injuries and everything else. If you guys don’t celebrate and have

good, clean fun, you’re fools,”’ Pitino said.

The Kentucky-Louisville rivalry causes tempers to flare even in

December when, in the grand scheme of things, games really don’t

mean much. Heck, it took government intervention just to get the

two schools to play on a regular basis back in the 1980s.

With the NCAA title game on the line, the latest skirmish in

basketball’s version of the civil war so divided the small

hoop-crazed state that senior citizens actually came to fisticuffs.

But boy, did it make for a great show. The game was such a big deal

that No. 1 Kentucky fan Ashley Judd wasn’t even the biggest celeb

in the house, with Jay-Z taking a prime seat behind the Kentucky

bench.

”It’s our fans; our fans are great to us,” Davis said. ”Our

fans travel a long way. We want to go out here and give them a show

and give them what they want, which is a national

championship.”

The ultimate bragging rights sure are a nice way to start.

Kentucky is 19-11 since the teams resumed playing in 1983-84,

with the Wildcats winning four straight, including a 69-62 victory

at Rupp Arena on Dec. 31 – almost the exact score as Saturday

night’s win.

The Wildcats know they’re talented – there are three, maybe as

many as five NBA lottery picks on the Kentucky roster – but they

play without ego or cockiness, choosing instead to let their

superior play overwhelm their opponents.

The Cardinals had skidded into the Big East tournament with four

losses in their last six games, including back-to-back defeats to

end the regular season. Pitino told his players they could either

go home after the first week of the tournament or they could do

something special – their choice.

The Cardinals chose the latter, ripping off four wins in four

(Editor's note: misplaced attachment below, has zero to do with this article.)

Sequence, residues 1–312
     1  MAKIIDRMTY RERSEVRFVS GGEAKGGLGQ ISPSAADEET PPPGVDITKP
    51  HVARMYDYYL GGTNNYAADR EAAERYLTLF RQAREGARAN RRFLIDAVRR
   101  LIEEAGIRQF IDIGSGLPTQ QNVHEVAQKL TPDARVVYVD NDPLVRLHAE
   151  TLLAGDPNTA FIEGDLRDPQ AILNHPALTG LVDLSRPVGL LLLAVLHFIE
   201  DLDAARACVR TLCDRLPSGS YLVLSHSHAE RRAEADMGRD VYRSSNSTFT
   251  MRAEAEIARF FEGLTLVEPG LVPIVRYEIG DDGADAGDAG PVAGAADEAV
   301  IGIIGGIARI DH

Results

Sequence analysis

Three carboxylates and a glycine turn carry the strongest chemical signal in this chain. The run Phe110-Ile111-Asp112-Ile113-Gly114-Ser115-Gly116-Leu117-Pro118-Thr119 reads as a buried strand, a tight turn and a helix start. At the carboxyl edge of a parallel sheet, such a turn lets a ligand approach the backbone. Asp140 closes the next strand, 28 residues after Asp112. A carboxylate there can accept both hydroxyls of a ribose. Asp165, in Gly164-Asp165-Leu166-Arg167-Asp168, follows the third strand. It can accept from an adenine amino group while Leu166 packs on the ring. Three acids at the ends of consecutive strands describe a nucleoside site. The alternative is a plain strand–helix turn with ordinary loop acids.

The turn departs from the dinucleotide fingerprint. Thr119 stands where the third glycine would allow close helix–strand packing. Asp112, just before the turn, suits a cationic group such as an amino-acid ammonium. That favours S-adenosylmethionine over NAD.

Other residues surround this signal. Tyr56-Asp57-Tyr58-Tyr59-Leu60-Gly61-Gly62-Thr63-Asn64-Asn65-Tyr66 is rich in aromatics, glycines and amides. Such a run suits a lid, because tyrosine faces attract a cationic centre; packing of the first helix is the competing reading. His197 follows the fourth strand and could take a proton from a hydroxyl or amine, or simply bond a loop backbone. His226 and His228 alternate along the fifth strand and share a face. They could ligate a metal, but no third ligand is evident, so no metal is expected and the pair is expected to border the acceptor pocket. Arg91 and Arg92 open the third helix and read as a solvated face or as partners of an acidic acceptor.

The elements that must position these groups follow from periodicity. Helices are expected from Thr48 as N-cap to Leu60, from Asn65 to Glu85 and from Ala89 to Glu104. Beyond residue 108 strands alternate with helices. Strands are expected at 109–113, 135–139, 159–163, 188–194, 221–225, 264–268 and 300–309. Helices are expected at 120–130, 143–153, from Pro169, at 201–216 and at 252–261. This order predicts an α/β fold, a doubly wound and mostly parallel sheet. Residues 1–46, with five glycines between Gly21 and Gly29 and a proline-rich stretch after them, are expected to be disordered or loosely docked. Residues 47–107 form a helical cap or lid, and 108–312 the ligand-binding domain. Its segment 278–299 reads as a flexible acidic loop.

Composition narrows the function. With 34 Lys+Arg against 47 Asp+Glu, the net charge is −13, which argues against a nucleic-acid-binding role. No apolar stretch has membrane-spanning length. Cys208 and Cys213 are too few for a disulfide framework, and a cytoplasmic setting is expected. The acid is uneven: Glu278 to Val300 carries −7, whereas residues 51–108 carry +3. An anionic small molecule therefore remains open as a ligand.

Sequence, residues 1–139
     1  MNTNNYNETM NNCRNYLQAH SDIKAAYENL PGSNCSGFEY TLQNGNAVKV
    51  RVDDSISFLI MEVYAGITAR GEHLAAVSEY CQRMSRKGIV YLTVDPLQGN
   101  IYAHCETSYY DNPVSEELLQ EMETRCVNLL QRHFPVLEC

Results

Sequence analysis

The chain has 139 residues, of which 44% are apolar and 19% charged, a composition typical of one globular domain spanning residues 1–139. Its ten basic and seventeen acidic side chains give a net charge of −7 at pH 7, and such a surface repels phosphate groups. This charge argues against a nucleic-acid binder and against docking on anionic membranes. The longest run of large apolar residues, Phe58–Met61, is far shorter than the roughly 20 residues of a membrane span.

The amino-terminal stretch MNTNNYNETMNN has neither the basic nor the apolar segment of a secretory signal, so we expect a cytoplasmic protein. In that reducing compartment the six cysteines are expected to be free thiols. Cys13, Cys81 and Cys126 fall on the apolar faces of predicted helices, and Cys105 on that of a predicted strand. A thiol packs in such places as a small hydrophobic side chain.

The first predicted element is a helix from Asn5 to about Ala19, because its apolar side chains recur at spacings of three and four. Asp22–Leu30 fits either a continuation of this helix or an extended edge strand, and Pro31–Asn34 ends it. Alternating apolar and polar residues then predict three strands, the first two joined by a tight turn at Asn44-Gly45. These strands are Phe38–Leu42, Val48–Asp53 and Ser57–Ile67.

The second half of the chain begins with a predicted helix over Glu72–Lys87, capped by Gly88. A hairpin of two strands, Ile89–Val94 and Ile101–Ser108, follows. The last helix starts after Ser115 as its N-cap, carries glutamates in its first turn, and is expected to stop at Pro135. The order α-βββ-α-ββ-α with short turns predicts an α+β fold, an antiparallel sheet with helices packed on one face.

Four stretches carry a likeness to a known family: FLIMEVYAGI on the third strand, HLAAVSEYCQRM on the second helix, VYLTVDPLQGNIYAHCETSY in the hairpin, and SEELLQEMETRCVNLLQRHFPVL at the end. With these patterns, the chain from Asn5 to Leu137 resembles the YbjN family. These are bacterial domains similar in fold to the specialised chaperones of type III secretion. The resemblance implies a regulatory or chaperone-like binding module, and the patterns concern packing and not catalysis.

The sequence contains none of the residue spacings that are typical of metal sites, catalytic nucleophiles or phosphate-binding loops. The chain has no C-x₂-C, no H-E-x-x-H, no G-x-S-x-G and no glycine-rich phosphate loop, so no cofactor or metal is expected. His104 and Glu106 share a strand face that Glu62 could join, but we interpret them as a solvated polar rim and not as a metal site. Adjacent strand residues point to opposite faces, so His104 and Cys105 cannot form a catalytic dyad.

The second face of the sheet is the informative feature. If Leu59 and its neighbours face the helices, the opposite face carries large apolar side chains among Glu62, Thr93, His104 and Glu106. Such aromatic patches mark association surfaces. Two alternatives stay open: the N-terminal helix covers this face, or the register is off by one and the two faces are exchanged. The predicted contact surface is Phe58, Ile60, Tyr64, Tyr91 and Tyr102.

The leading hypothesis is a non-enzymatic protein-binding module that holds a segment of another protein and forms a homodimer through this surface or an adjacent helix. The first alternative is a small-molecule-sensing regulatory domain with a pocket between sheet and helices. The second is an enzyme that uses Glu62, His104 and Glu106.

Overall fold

days to win the Big East tournament and ousting No. 1 seed Michigan

State in the West Regional semifinals. Then came that comeback

against rough-and-tumble Florida.

Those games hardened the Cardinals, and they promised they

weren’t simply happy to reach the Final Four. But they sure looked

it early on, getting off to a slow, sloppy start. It didn’t help

that Dieng looked petrified of Davis and Siva was playing at

hyperspeed, a pace Pitino has been trying to get him to tone down

all year.

When they tried to go inside, Davis was less forgiving than a

bouncer at a Hollywood club. When the Cardinals went outside, the

Wildcats swarmed and forced them to take off-balance shots.

Meanwhile, on the other end, Kentucky scored at will, repeatedly

picking on Siva and Dieng.

But there’s a reason Pitino has taken three teams to the Final

Four. He pulled out every trick he had, switching strategies,

begging the refs for calls and finding a way – finally – to calm

his team down.

”Any time you don’t know whether a team is better offensively

or defensively, you know you’ve got a great basketball team,”

Pitino said. ”And Anthony Davis is incredible.”